posted on Sep 2, 2009 at 7:23PM
Panasonic Announces 1.4-inch-thick DSLRBy Emily Raymond
Panasonic unveiled its tiniest interchangeable lens camera yet, the Lumix DMC-GF1, calling it the “world’s smallest and lightest system camera with a built-in flash,” according to today’s press release. The 12.1-megapixel Micro Four Thirds camera nixes a viewfinder and squeezes into compact measurements, but combines DSLR functions and an HD movie mode. It will retail for $899 when it goes on sale in early October.
The Panasonic GF1 measures 4.7 x 2.8 x 1.4 inches (119 x 71 x 36mm), just a few millimeters smaller than the Olympus E-P1. The GF1 and E-P1 share a similar viewfinder-less design that makes them more flat and compact than their typical DSLR counterparts. Indeed, the Panasonic G1 and GH1 cameras measure 4.9 x 3.3 x 1.8 inches – still compact compared to some DSLRs but certainly larger than the diminutive GF1.
Despite its more convenient size, the GF1 shares very similar specs with its Lumix G-series siblings. The G1, GH1, and GF1 all have 12.1 megapixels of resolution, manual modes and controls, 23-area auto focus, 3 fps burst shooting, dust reduction systems, and optical image stabilization built into the camera bodies. All three cameras have 3-inch, 460,000-pixel LCD screens, although the G1 and GH1 have their screens mounted on folding free-angle panels while the GF1 is mounted flat against the back of the camera.
Besides the size, the Panasonic Lumix GF1 has a few other unique characteristics. It adds color modes such as expressive, retro, pure, elegant, monochrome, dynamic art, and silhouette. It also adds a “peripheral defocus” scene mode that shows a vignette-like effect on images by purposefully blurring the edges and keeping the center in sharp focus. The GF1 is also more efficient with its battery power: it can shoot 380 shots per charge while the G1 shoots 330 and the GH1 shoots 300.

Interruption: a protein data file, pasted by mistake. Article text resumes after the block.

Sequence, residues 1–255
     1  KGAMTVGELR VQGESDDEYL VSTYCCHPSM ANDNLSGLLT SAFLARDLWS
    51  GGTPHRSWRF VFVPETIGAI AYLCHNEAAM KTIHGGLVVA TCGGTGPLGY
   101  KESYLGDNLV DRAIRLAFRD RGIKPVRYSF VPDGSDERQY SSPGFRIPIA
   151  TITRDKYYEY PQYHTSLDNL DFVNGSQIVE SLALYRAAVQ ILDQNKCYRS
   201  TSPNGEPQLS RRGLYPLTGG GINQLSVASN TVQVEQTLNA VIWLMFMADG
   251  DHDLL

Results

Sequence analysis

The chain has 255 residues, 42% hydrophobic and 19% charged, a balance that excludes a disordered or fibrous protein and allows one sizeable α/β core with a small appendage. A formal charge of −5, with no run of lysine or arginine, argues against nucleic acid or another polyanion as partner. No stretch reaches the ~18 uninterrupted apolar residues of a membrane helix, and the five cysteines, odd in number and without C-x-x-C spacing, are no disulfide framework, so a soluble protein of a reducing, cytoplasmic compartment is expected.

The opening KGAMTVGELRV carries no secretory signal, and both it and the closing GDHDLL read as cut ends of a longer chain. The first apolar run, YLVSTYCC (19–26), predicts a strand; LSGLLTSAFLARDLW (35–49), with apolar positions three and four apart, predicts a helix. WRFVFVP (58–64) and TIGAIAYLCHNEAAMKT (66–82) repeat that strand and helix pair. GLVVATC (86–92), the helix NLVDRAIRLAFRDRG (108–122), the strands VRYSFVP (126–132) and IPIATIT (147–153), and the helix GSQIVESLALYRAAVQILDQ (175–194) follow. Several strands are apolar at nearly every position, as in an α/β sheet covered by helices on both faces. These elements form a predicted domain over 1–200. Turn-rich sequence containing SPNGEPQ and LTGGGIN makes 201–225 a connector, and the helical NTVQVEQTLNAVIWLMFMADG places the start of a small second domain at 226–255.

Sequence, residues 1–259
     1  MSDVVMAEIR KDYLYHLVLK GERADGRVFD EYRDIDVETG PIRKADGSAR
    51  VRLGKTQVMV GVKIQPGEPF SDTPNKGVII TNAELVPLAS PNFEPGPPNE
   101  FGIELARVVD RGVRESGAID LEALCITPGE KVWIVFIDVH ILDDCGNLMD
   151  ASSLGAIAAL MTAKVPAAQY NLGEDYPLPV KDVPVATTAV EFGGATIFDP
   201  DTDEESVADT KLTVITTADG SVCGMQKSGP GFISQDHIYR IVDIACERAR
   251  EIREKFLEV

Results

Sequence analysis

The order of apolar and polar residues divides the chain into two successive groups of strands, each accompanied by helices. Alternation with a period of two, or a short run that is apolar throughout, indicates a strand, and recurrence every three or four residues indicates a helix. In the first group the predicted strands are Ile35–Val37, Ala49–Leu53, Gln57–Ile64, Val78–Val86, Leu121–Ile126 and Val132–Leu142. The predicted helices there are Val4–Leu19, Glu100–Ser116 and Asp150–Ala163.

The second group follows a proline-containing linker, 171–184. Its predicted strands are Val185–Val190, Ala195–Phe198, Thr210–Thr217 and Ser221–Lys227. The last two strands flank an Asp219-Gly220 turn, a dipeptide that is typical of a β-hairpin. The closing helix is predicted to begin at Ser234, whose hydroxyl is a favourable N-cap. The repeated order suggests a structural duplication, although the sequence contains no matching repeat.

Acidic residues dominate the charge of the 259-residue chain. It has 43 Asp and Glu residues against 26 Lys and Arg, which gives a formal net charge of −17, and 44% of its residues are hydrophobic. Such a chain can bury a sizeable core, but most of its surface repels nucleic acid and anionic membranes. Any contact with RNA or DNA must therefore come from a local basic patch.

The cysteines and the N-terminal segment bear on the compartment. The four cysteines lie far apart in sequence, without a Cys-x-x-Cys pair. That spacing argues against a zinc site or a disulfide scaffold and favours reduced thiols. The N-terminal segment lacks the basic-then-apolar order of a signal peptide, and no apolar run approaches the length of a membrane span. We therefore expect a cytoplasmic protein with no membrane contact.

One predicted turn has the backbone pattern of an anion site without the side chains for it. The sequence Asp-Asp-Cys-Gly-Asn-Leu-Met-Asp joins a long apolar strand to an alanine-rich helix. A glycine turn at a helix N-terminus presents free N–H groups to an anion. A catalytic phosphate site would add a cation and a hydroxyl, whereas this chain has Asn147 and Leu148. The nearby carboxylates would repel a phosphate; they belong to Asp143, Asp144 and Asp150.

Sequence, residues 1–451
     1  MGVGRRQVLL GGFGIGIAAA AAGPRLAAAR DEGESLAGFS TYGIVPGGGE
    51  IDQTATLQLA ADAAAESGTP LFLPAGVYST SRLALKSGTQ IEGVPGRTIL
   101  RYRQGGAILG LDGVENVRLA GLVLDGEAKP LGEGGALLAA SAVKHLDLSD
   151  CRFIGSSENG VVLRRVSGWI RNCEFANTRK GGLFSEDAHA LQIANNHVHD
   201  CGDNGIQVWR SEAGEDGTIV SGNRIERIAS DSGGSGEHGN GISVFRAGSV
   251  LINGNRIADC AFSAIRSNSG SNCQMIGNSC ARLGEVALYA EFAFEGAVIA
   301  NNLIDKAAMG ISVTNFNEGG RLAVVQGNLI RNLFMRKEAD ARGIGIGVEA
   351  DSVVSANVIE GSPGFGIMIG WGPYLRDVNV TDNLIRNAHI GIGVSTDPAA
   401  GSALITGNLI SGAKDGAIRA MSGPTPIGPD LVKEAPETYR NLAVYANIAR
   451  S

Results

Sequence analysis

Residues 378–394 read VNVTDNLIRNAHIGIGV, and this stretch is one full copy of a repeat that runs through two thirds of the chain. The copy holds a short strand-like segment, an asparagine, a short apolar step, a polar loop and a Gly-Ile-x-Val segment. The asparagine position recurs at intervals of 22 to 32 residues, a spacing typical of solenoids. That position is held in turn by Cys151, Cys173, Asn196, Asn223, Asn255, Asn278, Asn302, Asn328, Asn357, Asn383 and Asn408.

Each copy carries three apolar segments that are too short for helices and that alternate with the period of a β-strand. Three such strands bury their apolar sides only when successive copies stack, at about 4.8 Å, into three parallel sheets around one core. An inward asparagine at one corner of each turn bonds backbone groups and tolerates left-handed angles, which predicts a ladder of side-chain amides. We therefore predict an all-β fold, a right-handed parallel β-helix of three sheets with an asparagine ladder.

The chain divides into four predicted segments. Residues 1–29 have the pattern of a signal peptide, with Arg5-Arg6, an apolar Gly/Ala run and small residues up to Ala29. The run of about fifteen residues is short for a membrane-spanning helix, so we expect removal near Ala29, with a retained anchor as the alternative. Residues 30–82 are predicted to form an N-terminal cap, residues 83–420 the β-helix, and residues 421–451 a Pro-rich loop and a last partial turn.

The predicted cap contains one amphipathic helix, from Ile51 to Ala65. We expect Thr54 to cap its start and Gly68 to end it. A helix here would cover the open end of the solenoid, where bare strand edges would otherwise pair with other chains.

The Panasonic Lumix DMC-GF1 includes HD videos, just like the GH1, but comes at a much cheaper price than the $1,499 GH1. Despite the big price difference, the GF1 has the same 1280 x 720-pixel AVCHD Lite-format video recording capability and features such as a wind cut and manually adjustable exposure.
The GF1 does not have a traditional viewfinder and relies on the LCD screen’s live view, much like a compact digital camera, but has a hot shoe for an optional electronic live viewfinder. Panasonic sells the DMW-LVF1 accessory that has 202,000 pixels and offers a tilting and shifting view that carries 100 percent coverage and 1.04x magnification. The Panasonic GF1, as part of the Micro Four Thirds system, is also compatible with any Micro Four Thirds lens and any Four Thirds lens with an optional adapter.
The small size and live view LCD are likely to attract consumers to the budding category of micro DSLR functionality. Panasonic is fully aware of this and kept beginner-friendly features on the GF1. It has an Intelligent Auto mode, 16 scene modes, an Intelligent Scene Selector, face detection, and even face recognition that can register up to six faces and keep them in memory to prioritize focus and exposure on them. The faces can be attached to names and then easily recalled in the playback mode. To top off the attractive features for compact-oriented consumers, the GF1 is offered in red, black, and silver colors. Panasonic is quite proud of their new offering, as stated in their Sept. 2 company press release.
Panasonic changed the digital camera industry with the world’s first Micro Four Thirds digital camera, the Lumix G1 – a compact DSLR-like digital camera that produces exceptional image quality,” said David Briganti, senior product manager of imaging at Panasonic’s Consumer Electronics Company. “As we continued to raise the innovation bar, Panasonic launched the Lumix GH1, adding full high definition 1080p video recording with continuous auto focus. The new Lumix GF1 continues the evolution and is the perfect addition to our Lumix G series, as its sophisticated, small body makes it easier and more convenient to carry. The GF1 is ideal for point-and-shoot consumers looking to step-up to DSLR quality or for current DSLR users who want greater convenience without compromising performance quality or creative flexibility.